Welcome to the final article of this little mini series, looking at each of the Halo titles in sequence…This time, we have the lovely little spinoffs that Bungie and 343 Industries have made over the years…
Halo Wars (2009)
Halo Wars was an interesting take on the Halo universe as it brought us into the RTS genre. It had a campaign mode with an interesting story that successfully kept the signature Halo feel and style despite the genre change. Allowing players to play as humans or covenant you could select from a range of leaders to lead troops into battle. For a console RTS it was executed quite well, the multiplayer was a little buggy from what I remember. You’ll find the most joy out of the Campaign mode and probably won’t be picking it up again after you do. I have yet to play Halo Wars 2 so I’ll have to give it a go and see how the formula has changed.
Halo: Combat Evolved Anniversary (2011)
10 years after the release of Combat Evolved 343 released a remake and a release at once. Combat Evolved allows players to play through the classic campaign and multiplayer on the Xbox 360. However with the simple press of the back button you are able to switch between updated and classic graphics. The new graphics are really fresh and detailed almost giving a new sense of discovery to the ring world we’ve been on before. The multiplayer component allowed you to play on classic maps from the original game using the Halo Reach engine. While not maintaining all the original feel of the classic multiplayer, it does feel good to play on Blood Gulch once again.
Halo: The Master Chief Collection (2014)
The Master Chief collection is a celebration of the series as a whole for the Xbox One. All on the one game you have access to Halo CE, 2, 3, 4 and ODST. Combat Evolved is essentially the anniversary edition with the ability to switch between graphics. The version of Halo 2 has also been remastered for the sake of 10 years. Halo 2’s remake is beautiful in comparison to CE. Cut-scenes are remade with such amazing visuals that you will be questioning if it’s real life sometimes. 2 also comes with the ability to switch back and forth between visuals with a press of a button. 3 has been lightly touched up for today’s hardware with changes to how colourful and HD the visuals are. Halo 4 is pretty much the same as it was 2 years before.
The Collection also runs at 60 FPS which feels like a god send for the Halo series. Playing all the classics at such a smooth frame rate feels amazing and has been done without ruining the magic of the original games. Unlike Anniversary all of the original multiplayer would be accessible on the collection. It has all been left untouched from its original state, including weapon balance and maps. Playlists would allow you to play on game types between multiple games or a specific one.
Halo 3: ODST
Let’s get spooky and ambient as we look at the side guys from the series. The ODST’s.
After Halo 3, Bungie signed away the Halo series to Microsoft. This would however come at the cost of making 2 more games before doing so. Boy I do really like ODST. It released on September 22nd 2009 to some mixed reception. It wasn’t about the master chief and opted for some stealth like features which made it feel different in a lot of ways to what we had played for the last 8 years. However I’m here to argue why this was actually one of the gems, and doesn’t surprise me that it was a lot of people’s favourite Halo game.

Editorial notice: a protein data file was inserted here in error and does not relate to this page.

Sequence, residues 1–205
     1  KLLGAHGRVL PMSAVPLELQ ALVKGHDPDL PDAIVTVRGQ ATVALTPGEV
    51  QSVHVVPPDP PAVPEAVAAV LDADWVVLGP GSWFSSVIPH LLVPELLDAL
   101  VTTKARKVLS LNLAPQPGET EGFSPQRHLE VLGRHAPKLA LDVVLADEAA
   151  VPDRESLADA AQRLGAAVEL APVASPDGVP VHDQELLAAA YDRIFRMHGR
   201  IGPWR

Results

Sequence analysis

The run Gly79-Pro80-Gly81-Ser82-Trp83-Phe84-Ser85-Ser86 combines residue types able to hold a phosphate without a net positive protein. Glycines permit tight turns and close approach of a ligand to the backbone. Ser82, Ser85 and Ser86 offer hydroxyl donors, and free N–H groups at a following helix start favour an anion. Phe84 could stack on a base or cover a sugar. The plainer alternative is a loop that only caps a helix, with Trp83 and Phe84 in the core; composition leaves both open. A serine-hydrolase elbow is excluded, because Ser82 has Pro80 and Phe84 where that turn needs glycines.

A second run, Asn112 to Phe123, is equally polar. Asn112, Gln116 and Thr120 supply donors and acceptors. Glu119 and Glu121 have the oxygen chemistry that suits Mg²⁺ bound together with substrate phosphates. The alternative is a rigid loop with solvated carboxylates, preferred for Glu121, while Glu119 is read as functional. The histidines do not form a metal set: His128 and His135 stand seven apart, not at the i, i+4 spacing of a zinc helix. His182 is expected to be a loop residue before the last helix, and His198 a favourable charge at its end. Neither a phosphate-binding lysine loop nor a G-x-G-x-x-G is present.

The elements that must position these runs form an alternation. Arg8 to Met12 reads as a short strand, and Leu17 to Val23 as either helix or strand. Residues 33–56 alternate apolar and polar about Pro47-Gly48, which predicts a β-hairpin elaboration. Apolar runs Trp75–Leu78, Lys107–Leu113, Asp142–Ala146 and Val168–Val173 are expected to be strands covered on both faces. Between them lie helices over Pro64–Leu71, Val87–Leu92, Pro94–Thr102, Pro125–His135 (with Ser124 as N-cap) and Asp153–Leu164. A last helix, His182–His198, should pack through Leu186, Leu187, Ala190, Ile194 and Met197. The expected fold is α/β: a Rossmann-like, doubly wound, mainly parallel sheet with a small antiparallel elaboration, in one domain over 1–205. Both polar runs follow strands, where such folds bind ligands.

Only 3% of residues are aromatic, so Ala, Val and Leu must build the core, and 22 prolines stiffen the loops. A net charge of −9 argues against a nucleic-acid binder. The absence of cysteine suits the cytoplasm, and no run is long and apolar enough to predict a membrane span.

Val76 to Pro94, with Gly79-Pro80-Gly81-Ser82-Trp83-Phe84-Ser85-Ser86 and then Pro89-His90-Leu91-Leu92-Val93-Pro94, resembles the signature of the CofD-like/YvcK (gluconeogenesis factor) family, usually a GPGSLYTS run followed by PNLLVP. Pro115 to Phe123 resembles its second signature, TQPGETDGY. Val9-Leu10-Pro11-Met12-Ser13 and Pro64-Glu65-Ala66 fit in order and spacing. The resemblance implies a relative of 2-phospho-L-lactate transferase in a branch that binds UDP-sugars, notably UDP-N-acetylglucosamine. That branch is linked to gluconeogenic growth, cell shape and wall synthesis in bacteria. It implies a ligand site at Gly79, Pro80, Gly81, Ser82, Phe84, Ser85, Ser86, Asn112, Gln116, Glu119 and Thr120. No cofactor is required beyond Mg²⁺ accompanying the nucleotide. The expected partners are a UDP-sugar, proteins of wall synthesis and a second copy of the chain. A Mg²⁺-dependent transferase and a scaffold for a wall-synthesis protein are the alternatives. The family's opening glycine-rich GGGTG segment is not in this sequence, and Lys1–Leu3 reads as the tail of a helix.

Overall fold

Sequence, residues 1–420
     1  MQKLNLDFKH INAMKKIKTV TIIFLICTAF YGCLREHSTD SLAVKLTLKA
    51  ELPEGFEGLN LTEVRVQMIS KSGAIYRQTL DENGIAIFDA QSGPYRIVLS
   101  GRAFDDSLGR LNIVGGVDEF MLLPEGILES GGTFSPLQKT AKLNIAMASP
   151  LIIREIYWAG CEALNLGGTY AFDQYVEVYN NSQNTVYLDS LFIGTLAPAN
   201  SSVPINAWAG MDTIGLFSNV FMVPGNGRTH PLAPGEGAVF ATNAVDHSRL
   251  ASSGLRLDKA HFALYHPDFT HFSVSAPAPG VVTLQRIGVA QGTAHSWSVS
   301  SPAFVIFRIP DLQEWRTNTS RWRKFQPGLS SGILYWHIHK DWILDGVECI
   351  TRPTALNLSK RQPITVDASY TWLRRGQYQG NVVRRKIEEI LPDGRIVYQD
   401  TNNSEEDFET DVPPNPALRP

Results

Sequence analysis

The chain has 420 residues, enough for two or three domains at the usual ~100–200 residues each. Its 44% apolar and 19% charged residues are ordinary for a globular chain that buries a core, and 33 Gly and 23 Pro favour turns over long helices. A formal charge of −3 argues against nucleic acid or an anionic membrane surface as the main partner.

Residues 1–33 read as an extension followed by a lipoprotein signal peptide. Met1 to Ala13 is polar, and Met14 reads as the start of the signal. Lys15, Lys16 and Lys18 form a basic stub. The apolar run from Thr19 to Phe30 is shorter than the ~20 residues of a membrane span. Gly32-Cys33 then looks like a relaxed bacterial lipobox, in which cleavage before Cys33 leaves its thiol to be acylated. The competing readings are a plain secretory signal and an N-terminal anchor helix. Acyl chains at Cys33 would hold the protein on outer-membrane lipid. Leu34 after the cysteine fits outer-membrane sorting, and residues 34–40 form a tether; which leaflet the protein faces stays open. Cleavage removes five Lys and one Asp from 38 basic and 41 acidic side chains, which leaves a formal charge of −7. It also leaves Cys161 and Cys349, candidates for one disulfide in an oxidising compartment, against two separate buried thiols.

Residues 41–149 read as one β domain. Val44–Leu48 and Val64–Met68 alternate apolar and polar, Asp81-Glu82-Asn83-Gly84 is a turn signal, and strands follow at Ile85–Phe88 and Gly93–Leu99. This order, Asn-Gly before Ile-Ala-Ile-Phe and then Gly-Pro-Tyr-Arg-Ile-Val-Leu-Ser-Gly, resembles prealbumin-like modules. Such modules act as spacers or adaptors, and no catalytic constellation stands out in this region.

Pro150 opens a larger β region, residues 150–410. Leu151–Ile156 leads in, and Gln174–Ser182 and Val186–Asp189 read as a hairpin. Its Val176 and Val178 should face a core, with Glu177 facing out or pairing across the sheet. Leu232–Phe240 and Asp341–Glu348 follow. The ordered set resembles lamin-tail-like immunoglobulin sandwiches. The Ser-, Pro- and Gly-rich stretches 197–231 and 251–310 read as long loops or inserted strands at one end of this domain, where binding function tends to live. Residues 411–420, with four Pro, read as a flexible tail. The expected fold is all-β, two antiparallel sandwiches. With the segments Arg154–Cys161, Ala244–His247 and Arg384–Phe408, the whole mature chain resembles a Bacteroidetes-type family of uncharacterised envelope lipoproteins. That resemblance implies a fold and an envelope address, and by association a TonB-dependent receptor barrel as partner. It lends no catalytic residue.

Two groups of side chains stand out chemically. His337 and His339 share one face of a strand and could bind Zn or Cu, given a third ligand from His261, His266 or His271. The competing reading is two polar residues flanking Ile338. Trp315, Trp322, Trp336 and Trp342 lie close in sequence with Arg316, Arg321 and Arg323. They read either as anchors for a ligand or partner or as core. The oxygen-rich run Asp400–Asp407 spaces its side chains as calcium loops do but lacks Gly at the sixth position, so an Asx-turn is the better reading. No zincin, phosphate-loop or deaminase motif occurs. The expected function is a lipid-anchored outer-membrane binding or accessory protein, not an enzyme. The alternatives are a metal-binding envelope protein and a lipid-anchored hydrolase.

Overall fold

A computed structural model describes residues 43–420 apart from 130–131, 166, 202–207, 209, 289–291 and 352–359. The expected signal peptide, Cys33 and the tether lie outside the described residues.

ODST takes place during the events of Halo 2. If you remember the Mombasa mission, it ended with a massive rupture in space occurring in the middle of the city. During that exact time a squad of Orbital Drop Shock Troopers were landing into the city to fight the covenant. The explosion knocks their pods off course and they are separated and alone. The player is put into the shoes of “the rookie” he’s a new guy in the squad and wakes up alone and hours later. Instead of a traditionally linear story, the player embarks on a quest to find out what happened to his squad. By interacting with objects in the city you can trigger a flash back and play out the events of the squad member. All the squad besides the rookie has voice acting including some charming words from Nathan Fillion.
All the members of the squad are charming and easy to adore. As a rookie we feel obliged to meet and learn about our partners. While not being a groundbreaking story, it is told to us with interest and even expands the lore of the universe we’ve experienced before. The way it is told to us also makes for a breath of fresh air compared to the linear narratives that have come before.
It’s easy to understand why it carries the Halo 3 tag in the title as it uses a slightly modified version of the engine to make for a different type of game. A lot of the weapons will feel familiar and the visuals will feel pretty exact to Halo 3. However changes to health and damage has come to make for a more gritty solider story than an all out super solider set piece. That’s why I can understand some people calling this more a DLC than deserving it’s own game. After all it does take away the Forge and Custom games we’d raved about not so long ago.
However ODST brings a new toy to the table that is one of my favourite Halo modes around. Firefight is exactly what it says in the title. Games like Gears of War brought the rise of horde modes where the player would fight against endless waves of enemies. Firefight was Halo’s horde mode, and it translated beautifully into this small release. With a range of maps and difficulties to choose from you and 3 friends could partner up in enclosed or open spaces to try rank up the highest score. This made for an excellent challenge trying to get past a certain wave on legendary difficulty.
As an extra sneaky treat, ODST came with 2 discs. On the second disc was none other than all the halo 3 multiplayer content. This included all the DLC compiled onto one disc. This eventually became the preferred method of those who dedicated Halo 3 to multiplayer content only as well as making it easy for newcomers to get into the scene.
ODST captures a unique feeling of loneliness to the series that you don’t think about as the Master Chief. The soundtrack is so different to what we are used to. It sounds like something so quiet and soothing with the rain in the background. 8 encourage you give it a listen to hear the sounds it has to offer. While ODST wasn’t a massive game or one that gained much acclaim as the others, it was still a fun little tie in to keep the Halo train moving.
Halo Reach (2010)
Halo Reach would be the last game released by Bungie in the series and you can feel that as you play. It is a celebration of nearly 10 years of Halo and serves as a goodbye from Bungie. This would feel more like a core game than ODST did and went it’s way to replace Halo 3 as my multiplayer game of choice for a while. Let’s relive the final moments of Reach.